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I'm trying to write SDL app in go using https://github.com/klkblake/Go-SDL.
I created timer to call draw function on it:

render_timer := time.NewTicker(time.Second / 60)

Somewhere in event loop:

for running == true {
    [...]
    [process sdl events]
    [...]
    select {
    case <-render_timer.C:
        call_my_draw_function()
    default:
        some_default_actions()
    }
    [...]
}

If I run program after compiling this code nothing is drawn on screen. But if I place just:

fmt.Println("default")

in the default branch of select -- the code begin to work as I want it to(draws something in window); and if i remove println it again don't draw anything.
What am I doing wrong? Why is there such behaviour of select ?


Hm... Simplest testcase is:

package main

import (
"fmt"
"time"
)

func main() {

    rt := time.NewTicker(time.Second / 60)
    for {
        select {
        case <-rt.C:
            fmt.Println("time")
        default:
        }
    time.Sleep(1) // without this line 'case <-rt.C' is never executed
    }
}
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2 Answers 2

up vote 5 down vote accepted

See golang: goroute with select doesn't stop unless I added a fmt.Print()

Long story short, because of the default case, and because your GOMAXPROCS is probably set to 1 (the default value), it never schedules the goroutine to do its work. There are many options to fix this, depending on your needs (a sleep in default, a time.After() channel in the select instead of the default, a call to runtime.Gosched(), etc.).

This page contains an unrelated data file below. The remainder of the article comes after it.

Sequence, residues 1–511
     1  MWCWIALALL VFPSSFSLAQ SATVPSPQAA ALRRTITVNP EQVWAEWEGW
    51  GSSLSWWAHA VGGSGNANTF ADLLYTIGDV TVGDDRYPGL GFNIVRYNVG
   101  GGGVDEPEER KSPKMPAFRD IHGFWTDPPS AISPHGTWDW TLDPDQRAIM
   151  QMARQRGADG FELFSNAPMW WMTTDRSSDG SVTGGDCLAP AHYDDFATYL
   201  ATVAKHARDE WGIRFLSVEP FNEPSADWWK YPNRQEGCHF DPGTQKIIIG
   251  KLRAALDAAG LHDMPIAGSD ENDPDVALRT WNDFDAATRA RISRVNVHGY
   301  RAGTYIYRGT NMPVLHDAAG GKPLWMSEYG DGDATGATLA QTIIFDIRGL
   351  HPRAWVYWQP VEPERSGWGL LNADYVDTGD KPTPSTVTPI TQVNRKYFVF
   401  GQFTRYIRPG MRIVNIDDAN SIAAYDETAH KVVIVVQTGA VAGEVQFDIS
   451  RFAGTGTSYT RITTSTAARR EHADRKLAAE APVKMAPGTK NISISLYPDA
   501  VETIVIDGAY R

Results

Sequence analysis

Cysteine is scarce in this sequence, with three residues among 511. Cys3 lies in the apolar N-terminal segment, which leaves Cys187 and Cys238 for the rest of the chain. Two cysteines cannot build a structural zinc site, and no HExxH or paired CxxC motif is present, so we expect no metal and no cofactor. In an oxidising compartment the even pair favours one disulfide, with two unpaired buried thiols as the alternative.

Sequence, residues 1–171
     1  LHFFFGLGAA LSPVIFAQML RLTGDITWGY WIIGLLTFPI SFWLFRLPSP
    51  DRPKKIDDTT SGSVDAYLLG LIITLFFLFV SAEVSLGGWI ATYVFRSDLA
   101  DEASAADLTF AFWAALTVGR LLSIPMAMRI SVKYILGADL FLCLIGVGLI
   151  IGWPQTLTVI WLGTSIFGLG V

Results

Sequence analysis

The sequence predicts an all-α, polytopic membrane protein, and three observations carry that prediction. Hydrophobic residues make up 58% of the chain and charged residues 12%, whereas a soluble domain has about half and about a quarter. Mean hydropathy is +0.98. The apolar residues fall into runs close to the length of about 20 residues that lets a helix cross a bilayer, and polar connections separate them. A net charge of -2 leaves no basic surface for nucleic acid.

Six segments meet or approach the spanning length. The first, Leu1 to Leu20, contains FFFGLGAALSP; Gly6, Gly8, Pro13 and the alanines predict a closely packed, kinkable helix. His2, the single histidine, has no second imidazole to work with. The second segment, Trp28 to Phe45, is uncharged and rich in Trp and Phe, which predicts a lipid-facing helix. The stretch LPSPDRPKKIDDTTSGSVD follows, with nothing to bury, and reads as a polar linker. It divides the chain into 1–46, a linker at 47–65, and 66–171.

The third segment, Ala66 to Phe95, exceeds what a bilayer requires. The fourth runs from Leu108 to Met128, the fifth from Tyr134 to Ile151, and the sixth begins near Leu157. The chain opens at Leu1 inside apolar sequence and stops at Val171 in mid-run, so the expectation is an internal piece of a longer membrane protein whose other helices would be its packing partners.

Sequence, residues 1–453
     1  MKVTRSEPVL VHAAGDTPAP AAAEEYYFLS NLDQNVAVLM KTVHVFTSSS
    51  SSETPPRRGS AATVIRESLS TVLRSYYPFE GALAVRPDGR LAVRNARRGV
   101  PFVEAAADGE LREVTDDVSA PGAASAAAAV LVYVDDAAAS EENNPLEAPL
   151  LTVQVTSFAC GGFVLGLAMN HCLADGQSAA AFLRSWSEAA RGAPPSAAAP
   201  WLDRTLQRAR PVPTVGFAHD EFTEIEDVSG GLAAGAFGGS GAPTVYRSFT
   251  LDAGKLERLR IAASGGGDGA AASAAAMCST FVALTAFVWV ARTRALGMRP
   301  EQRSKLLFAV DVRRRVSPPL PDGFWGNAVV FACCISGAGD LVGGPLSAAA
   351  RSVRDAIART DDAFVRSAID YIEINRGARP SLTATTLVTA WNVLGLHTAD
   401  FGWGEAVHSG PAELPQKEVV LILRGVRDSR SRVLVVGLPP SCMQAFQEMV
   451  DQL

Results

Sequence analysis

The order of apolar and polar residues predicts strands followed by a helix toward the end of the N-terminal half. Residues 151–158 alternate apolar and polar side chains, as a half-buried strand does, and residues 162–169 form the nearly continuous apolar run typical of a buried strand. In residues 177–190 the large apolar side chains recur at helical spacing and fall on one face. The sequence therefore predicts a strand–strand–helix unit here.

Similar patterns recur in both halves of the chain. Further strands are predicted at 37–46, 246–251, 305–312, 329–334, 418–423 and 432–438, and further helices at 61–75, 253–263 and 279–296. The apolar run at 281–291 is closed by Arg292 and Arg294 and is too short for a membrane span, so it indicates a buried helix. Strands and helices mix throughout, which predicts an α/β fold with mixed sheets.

Adding the fmt.Print makes it work because - my guess, not sure - it involves io and internally causes a Gosched() (that or something like Phlip's answer in the related question, I just read it).

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As for your example, your loop is a busy loop, constantly hitting the default: case. The scheduler in go is co-operative, and since you're in a busy loop, the go routine running the Ticker will never be scheduled to run, and thus never send anything on the channel. This will be the case even if your default: case is not empty, but do pure computations - that never make any calls that invoke the schudler.

However, when you do something else that in some form invokes the go scheduler, e.g. doing I/O , the scheduler will give the Ticker a chance to run.

You could import the runtime package and do

default:
    runtime.Gosched()

to make the scheduler run, which will not starve the Ticker go routine.

I'm unsure how this leads to the problems you get when running SDL, as that would most likely involve I/O or something else that triggers the scheduler

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